Shulamit S. Magnus
Jewish historian

Chief Rabbi Lets Corpse of Woman Rot to Free an Aguna

Times of Israel, August 20, 2019: “Chief Rabbi Halts Woman’s Burial Until Son Grants Wife a Divorce.”

dear God in heaven.

“When all the other options were exhausted, we had to inform the burial society not to bury the mother until the son provides a kosher divorce,” [Ashkenazi Chief Rabbi of Israel, David Lau]… wrote in explaining his decision. “We hope this move will soon bring about a divorce and the woman will be released.”

Bull.

This is all about male power. That of the baal, the master, the word for “husband” in classical rabbinic and contemporary, modern Hebrew (though alternatives exist and some of us use them—religiously: ben zug; ish, ishi). That of the all-male rabbinic courts. That of the Chief Rabbis here.

I am, of course, as is every decent person, provisionally relieved– the baal in question has “promised” a get to his first wife, not delivered one, and his behavior leaves serious question about the lengths he will go to on behalf of his male privilege. Mom’s already in the ground; what leverage now? Why did the rabbis not extract from him a signed, witnessed, irrevocable, authorization to the rabbinic court, the beis din, to write the get on his behalf and deliver it be’shli’hut, through an agent of the court? Then all this would not be subject to “hope”; it would be a done deal but for delivery of the document. Talk about power; they can do that. Gee, I know this, and I am not even a rabbi. Hmm.

But back to my main point.

No, Rabbi Lau and the rest of you, all options were not exhausted. This and similar expressions treat rabbinic law as if these were the laws of physics, a given, you can only work with them as they are currently applied; there is no other way.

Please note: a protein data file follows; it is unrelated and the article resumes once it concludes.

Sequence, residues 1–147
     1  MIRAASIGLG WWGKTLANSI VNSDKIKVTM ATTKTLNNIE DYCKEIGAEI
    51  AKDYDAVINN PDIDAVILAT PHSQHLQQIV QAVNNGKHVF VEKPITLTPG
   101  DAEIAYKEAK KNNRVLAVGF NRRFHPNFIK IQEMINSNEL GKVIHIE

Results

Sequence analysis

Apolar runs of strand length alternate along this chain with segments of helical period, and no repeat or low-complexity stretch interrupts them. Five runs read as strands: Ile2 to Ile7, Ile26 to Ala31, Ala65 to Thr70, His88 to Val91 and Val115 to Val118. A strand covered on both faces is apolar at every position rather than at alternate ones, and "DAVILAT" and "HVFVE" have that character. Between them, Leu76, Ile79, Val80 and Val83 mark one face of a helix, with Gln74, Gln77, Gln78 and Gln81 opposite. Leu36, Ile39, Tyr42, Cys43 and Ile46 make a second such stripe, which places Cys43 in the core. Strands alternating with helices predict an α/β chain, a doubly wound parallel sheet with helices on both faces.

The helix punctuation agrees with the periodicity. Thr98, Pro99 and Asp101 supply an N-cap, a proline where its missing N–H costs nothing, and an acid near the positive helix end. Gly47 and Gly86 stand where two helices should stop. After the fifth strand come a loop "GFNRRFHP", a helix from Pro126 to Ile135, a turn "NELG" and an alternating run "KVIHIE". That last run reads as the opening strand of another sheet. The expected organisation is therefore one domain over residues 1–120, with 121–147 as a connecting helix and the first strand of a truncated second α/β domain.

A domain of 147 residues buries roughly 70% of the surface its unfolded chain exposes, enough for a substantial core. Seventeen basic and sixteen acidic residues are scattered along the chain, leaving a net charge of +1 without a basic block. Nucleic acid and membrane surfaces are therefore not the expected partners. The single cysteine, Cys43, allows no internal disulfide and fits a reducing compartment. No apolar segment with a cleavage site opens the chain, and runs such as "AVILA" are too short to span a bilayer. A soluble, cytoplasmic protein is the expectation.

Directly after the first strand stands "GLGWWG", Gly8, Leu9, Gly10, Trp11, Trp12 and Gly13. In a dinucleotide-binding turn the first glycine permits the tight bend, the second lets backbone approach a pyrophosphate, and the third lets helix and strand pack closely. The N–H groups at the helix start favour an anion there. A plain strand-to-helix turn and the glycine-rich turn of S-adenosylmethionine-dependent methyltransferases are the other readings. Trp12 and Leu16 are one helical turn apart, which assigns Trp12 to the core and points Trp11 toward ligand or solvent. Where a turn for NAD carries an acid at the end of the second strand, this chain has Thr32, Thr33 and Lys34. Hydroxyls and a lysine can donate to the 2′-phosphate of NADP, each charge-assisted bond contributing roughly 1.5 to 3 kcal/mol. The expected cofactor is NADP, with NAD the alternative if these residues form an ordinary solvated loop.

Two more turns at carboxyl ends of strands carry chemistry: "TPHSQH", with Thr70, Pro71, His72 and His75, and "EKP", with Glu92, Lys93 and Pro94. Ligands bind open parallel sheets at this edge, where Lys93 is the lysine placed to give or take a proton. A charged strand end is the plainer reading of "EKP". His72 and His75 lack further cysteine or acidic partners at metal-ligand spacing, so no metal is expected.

No and no.

No woman marries with the intent of becoming an aguna, a prisoner of a baal. Every single marriage that ends in iggun, in her being a prisoner, is mekah ta’ut, a marriage undertaken under false pretenses, and should be annulled, retroactively.

The woman in this case, women altogether, should do this themselves, pronounce the marriage over because it was entered into on the basis of conditions unstated to the woman at the time of the marriage which, if stated, she would never have accepted (retroactive annulment of rabbinic marriage has no implication for the “legitimacy” of offspring of the marriage).

I fully realize that Orthodox and Haredi women won’t do this, they are socialized to recognize the authority of rabbis; that is what any variant of Orthodoxy means: not belief in God but belief in and acceptance of the authority of the rabbis, dead, and above all, living. The consequences for behaving otherwise are dire and untenable: social ostracization, punishment of self, of children.

So, rabbis, living ones, need to start acting on the above.

Because refusing burial to a woman, even one who colluded with her abusive son in abusing another woman, inflicting the worst offense in Jewish understanding, abuse of a corpse, is not the only way to go. It is a disgusting way to go. Abuse of a woman to end abuse of a woman is not the way to go. Clearly, the full humanity of women is not obvious to these people.

Free women. Do that.

No abuse of women. Living or dead.

Try that, rabbis, for a refreshing change. For us all. For Torah, even. So we can all rest, and even live, in peace.

About the Author
Shulamit S. Magnus is a professor of Jewish history and an award-winning author of books on Jewish modernity and on Jewish women's history.
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